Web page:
introducing new young chicks to existing small flock:3hens,1roosted 21 chicks!

Discussion in 'New Member Introductions' started by tloveshomestead, Mar 6, 2014.

  1. tloveshomestead

    tloveshomestead New Egg

    2
    0
    9
    Mar 4, 2014
    We are newer to chickens. We have had 3 hens and 1 rooster for about 7 months. We couldn't wait to grow our flock, January came and so did chick ordering. So now we have 21 chicks that are 2 weeks old now. We have them in a spare room in our house. They are getting big and a little stinky, we clean there brooder everyday, any way I want to get them outside very soon. All together we have 8 different breeds. This is our introduction. Feeling a little worried about what to do next.
     
  2. TwoCrows

    TwoCrows Show me the way old friend... Staff Member

    32,015
    4,675
    581
    Mar 21, 2011
    New Mexico, USA
    My Coop
    [​IMG]

    You new babies will need to be brooded under heat until they are about 5 or 6 weeks old. By 6 weeks old, they can pretty much tolerate cooler temps.

    As for mixing these babies in, you can't do that just yet. They need to grow up for several months as the adult birds can hurt them. When you do go to mix them in, you will need to keep them in a cage or wired off area within the flock so everybody sees, but nobody touches. This way the pecking order of the existing flock is not upset all at once. Throwing in new birds causes chaos and blood baths or even death happens. So leave these new babies separated but within the flock for several weeks and by this time, much of the pecking order has been worked out. When mixing day comes, there should be little aggression. However always intervene if it turns bloody.

    Good luck with your new flock and enjoy BYC!
     
    2 people like this.
  3. Ridgerunner

    Ridgerunner Chicken Obsessed

    20,118
    3,322
    496
    Feb 2, 2009
    Northwest Arkansas
    Welcome to the forum. Sorry but this may get a little long. You have two different issues.

    First is brooding them. I don’t know where you are or what your weather is like. That can have an effect, but I’d guess you are still seeing pretty cool temperatures outside. What chicks need in a brooder is food, water, protection from predators, protection form the elements, and in practically all conditions, a heat source. None of this absolutely says they have to be in your house. I built a permanent brooder in the coop. I have 22 chicks in it right now about 1-1/2 weeks old that went through outside overnight temperatures in the single digits Fahrenheit. I kept one section of that brooder toasty and the food and water pretty close to that heat source but some mornings the far reaches of that brooder were frozen. I consider the older chickens in the flock as potential predators at that age so they are definitely locked out of the brooder.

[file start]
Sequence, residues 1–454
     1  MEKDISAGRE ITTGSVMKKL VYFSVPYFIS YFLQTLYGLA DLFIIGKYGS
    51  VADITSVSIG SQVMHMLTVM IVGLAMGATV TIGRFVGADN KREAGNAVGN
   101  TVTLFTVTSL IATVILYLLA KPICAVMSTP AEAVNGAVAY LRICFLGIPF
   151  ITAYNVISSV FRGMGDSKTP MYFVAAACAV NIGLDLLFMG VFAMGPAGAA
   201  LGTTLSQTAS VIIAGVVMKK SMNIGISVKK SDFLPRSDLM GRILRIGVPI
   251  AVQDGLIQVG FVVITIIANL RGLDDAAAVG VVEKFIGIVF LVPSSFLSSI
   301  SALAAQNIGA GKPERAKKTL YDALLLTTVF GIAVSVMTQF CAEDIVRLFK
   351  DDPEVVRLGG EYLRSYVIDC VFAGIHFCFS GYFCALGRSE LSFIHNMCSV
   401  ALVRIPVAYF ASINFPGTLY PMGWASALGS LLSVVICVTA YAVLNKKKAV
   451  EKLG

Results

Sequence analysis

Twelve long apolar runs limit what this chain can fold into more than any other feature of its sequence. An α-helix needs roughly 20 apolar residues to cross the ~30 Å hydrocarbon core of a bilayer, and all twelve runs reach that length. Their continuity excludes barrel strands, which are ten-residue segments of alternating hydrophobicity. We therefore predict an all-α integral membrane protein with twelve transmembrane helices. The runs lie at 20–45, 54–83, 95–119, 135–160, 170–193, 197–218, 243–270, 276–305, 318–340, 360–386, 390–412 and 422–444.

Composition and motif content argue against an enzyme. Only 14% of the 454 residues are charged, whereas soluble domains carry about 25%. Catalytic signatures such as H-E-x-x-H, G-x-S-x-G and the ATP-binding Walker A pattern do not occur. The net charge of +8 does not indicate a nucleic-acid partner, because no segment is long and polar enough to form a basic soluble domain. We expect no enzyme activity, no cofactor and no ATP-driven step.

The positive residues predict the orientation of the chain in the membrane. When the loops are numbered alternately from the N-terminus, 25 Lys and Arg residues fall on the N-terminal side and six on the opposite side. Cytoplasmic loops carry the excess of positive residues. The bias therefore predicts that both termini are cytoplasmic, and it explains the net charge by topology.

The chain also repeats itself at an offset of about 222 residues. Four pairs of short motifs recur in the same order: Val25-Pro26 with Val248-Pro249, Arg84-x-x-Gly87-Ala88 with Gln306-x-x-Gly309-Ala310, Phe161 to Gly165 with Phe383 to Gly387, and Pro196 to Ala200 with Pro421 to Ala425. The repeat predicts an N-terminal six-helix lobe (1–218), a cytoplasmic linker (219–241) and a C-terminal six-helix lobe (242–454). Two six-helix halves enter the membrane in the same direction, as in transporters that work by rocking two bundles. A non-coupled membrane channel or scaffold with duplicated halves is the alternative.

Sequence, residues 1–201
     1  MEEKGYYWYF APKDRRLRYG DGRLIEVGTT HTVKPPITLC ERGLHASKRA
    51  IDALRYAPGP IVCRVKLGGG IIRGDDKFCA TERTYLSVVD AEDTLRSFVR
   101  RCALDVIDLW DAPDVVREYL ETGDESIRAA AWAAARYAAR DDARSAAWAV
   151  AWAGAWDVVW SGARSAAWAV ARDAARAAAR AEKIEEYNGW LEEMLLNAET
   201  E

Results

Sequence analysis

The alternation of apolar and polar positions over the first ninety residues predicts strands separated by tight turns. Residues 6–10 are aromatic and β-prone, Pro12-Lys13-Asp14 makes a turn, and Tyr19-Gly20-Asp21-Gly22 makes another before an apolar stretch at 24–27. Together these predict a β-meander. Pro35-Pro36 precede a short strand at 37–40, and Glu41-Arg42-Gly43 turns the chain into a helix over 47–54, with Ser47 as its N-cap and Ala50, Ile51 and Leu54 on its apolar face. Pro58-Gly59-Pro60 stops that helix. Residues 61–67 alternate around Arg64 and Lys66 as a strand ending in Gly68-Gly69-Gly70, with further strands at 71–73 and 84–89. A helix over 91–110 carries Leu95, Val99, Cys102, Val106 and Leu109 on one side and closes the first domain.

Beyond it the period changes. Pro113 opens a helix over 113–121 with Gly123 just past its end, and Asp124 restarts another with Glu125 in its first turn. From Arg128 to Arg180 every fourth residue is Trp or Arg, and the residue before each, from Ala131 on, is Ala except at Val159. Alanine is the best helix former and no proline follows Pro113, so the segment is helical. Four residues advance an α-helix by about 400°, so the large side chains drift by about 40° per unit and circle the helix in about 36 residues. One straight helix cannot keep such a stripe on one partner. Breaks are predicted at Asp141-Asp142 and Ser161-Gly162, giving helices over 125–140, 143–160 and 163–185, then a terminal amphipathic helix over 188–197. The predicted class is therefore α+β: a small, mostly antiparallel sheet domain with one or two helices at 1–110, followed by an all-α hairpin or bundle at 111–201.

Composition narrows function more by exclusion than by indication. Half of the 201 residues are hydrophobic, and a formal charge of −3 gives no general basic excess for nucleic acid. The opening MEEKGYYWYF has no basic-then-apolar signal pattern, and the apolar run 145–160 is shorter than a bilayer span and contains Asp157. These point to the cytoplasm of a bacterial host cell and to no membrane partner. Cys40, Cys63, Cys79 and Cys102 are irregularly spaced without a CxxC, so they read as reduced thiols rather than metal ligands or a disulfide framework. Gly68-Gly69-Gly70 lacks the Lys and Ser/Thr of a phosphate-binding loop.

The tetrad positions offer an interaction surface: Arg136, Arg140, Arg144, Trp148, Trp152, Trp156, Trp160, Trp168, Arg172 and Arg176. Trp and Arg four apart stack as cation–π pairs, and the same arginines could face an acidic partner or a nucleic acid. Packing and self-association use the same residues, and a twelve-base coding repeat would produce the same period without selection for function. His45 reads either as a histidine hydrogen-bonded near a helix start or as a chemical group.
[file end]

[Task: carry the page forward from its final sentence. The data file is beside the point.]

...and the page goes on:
I have no ideas what facilities or possibilities you have. If you have a garage or other outbuilding that provides decent weather protection, you can set up a brooder out there. It depends on how predator-proof that building is as to how solid you need the brooder to be. Many people just get a large appliance box and use that. If they outgrow it, get another one and tape two together.

    You might read my post in this thread for help in deciding when they don’t need any more heat.

    https://www.backyardchickens.com/t/860561/can-my-chicks-go-out

    Your other problem is integration. You’ll read a lot of different things on here about when you can integrate them. That’s because your facilities play a huge part in what can work for you. We are all unique. The way I do it could be a disaster for others. Some people consider me way too safe. One basic rule to remember is that chickens usually solve disputes by the weaker running away from the stronger or avoiding the stronger to start with. That means they need enough room to run away if they are chased.

    Chickens can recognize which chickens don’t belong to their flock. It doesn’t happen all the time but occasionally one will attack an intruder. A way to really reduce the chances of this happening is to house the chickens next to each other for a week or so before you let them mix. None of this stuff comes with absolute guarantees since you are dealing with individual living animals, but I do recommend housing them side by side with a wire fence separating them if you can. Some people can’t and it still normally works out.

    Chickens, like other social animals, set up a pecking order so each chicken knows its place in the social order of the flock. When two chickens that don’t know what that status is share personal space, one normally tries to intimidate the other, often by pecking. If one runs away, they’ve settled it, though there may be some chasing involved or a repeat performance. Occasionally they are fairly evenly matched so it takes some skirmishing to settle it. On really rare occasions they may fight to the death but that really is rare. The biggest danger in this is when a chicken cannot run away. If it can’t get away, it may just hunker down, quit fighting, and take the punishment. The winner doesn’t realize it has won because the other did not run away so it keeps attacking. That is why space is so important.

    The last key to the puzzle is that mature chickens always outrank immature chickens and are often not shy about enforcing those pecking order rights. That’s why you usually see a group of younger chickens form a separate flock. They are simply avoiding the older chickens.